In the novel The Scarlet Letter by Nathaniel Hawthorne, sin is a common theme throughout the novel. In the seventeenth century, Hawthorne sets the novel in this time period to show how radical Puritans were when a person commits a crime. In Puritan times, adultery was a very serious crime that a person can be sentenced to death. The Scarlet Letter features three characters that have sinned. Those characters are Hester Prynne, Arthur Dimmesdale, and Roger Chillingworth. Hester’s sin is adultery, Dimmesdale’s sin is also adultery, and Chillingworth’s sin is marrying a young girl that does not reciprocate his feelings, but they all deal with their sin differently. Hester accepts that she has done wrong, and she wears the scarlet letter with pride. Dimmesdale holds in his sin, meaning he does not want to recognize his sin, which leads to the truth affecting his health negatively. Chillingworth deals with his sin by taking revenge on Dimmesdale who took Hester away from him. Multiple sins are dealt in multiple ways.
In the beginning of the novel, Hester Prynne is shown leaving the prison carrying her daughter with a crowd of Puritan women shaming her. Hester commits adultery, but instead of receiving the death sentence, she was given a scarlet letter to wear every day while on the scaffold. The scarlet letter is a symbol of her …show more content…
He commits adultery with Hester, but in contrast to her, he does not want to fully acknowledge his sin. Hester publicly confessed to her sin while Dimmesdale does not fully admit to his sin. By withholding in his sin, his health deteriorates. His health worsens and worsens as he continues to withhold his sin. Because of his guilt, Dimmesdale punishes himself, like whipping and starving. He does that because of his extremely religious background as a minister. In The Scarlet Letter, Dimmesdale wants other people to know how horrible of a person he is for not confessing his
Dimmesdale and Hester suffers because of the sin they did. Dimmesdale feels guilt even though he never confesses that he is the farther. He would go to the scaffold at night and stand there screaming trying to get the people to come outside to see him but it was just all in his head when she would stand on the scaffold during the day with the red A on her chest she felt guilt even though she would not tell anyone who the farther is and for having an affair while her husband was missing for years. For example, Dimmesdale does not want to confess about his sin because he does not want to face the consequences. This is illustrated when Dimmesdale says, “then and there before the judgment-seat, thy mother and thou, and I must stand together” (Dimmesdale 139).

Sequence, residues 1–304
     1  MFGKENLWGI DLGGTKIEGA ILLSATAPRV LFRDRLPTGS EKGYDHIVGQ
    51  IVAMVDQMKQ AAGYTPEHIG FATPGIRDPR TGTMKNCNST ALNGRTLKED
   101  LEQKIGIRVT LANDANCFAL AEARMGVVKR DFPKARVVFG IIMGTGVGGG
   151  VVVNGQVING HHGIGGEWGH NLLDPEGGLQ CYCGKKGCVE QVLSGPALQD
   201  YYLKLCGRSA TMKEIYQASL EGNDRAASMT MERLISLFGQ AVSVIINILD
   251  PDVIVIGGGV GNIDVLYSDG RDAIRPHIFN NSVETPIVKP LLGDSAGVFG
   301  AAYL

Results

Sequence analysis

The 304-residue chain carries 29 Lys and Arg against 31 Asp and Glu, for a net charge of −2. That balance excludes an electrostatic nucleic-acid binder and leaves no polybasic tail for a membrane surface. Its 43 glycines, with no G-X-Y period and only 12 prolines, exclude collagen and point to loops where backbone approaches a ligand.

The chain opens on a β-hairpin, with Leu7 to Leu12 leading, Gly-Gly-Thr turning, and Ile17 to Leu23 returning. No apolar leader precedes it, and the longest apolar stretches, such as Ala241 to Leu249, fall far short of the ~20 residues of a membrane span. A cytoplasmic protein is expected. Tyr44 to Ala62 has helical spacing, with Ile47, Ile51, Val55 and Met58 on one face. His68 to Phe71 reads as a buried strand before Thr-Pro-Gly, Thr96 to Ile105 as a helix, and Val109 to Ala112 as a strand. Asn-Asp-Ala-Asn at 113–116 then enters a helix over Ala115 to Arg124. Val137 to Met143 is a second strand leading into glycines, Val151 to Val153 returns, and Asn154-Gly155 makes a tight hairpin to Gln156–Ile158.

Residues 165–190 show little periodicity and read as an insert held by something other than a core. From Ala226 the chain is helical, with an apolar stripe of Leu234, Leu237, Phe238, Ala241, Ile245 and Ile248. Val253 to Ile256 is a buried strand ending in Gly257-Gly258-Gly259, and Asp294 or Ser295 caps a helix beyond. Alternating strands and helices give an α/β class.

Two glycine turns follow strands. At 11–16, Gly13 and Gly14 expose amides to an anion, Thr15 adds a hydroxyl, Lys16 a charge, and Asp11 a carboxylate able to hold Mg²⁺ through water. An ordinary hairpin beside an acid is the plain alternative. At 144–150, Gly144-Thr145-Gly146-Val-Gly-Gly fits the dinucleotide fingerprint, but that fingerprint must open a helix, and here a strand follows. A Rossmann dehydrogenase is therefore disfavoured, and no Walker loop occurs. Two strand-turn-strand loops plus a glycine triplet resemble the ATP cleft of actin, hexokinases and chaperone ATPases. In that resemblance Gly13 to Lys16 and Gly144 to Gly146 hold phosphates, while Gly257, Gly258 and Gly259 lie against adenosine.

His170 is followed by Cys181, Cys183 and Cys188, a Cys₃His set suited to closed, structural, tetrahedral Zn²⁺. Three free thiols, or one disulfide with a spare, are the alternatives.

A man named Chillingworth, who claimed to be a doctor, made Dimmesdale feel worse about his secret, Dimmesdale let him get in his head. Reverend Dimmesdale was very weak for being a priest and putting no faith into his God. Reverend Dimmesdale is afraid of his town and his people finding out about his sin. As a priest he wants to seem holy and sinless like the people think him to be, so he hides the fact he and Hester committed adultery. When Hester is on the scaffold, Dimmesdale is asked to try and get Hester to confess who the father is, “If thou feelest it to be for thy soul’s peace, and that thy earthly punishment will be made more
As the moving of story, the “side effect” of the hidden sin has reveal. Dimmesdale become more sick and powerless. As the end of the story, Dimmesdale concede the sin and died as the winner of the fight with hidden sin. Dimmesdale as a combination of saint and sinner, his sin is not committed adultery, but it is that he cannot face the sin and admit it. He wanted to be all perfect in the eyes of the masses, but destroyed his perfectly in the eyes of God.
Dimmesdale presumes, “That my labours, and my sorrows, and my sins, and my pains, should shortly end with me, and what is earthly of them be buried in my grave, and the spiritual go with me to my eternal state, rather than that you should put your skill to the proof in my behalf.” As mentioned before, the truth always comes out and Dimmesdale is naive to think the townspeople can be deceived into having a perfect image of the Reverend. Arthur Dimmesdale is the image of a reverend on the path to heaven but, after the sins committed, becomes a man of hypocrisy. Dimmesdale believes dying with the sins would end the transgressions, however, the Reverend soon finds out that the soul and body of Dimmesdale would be tortured into revealing the
Mentally, his guilt strains his mind, which causes his physical deterioration, and the weakening of his body. As Dimmesdale finally admits his sin to the townspeople, his guilt is lifted, and he is able to release himself from his captivity. Though he deteriorated both mind and body from his guilt, by telling the townspeople of his sin, it was as if “a spell was broken” (238). He no longer needed to force himself to hide his sin, which was what was hurting him. By finally dealing with his sin in a similar way to Hester, Dimmesdale was able to free himself of his self-imposed captivity and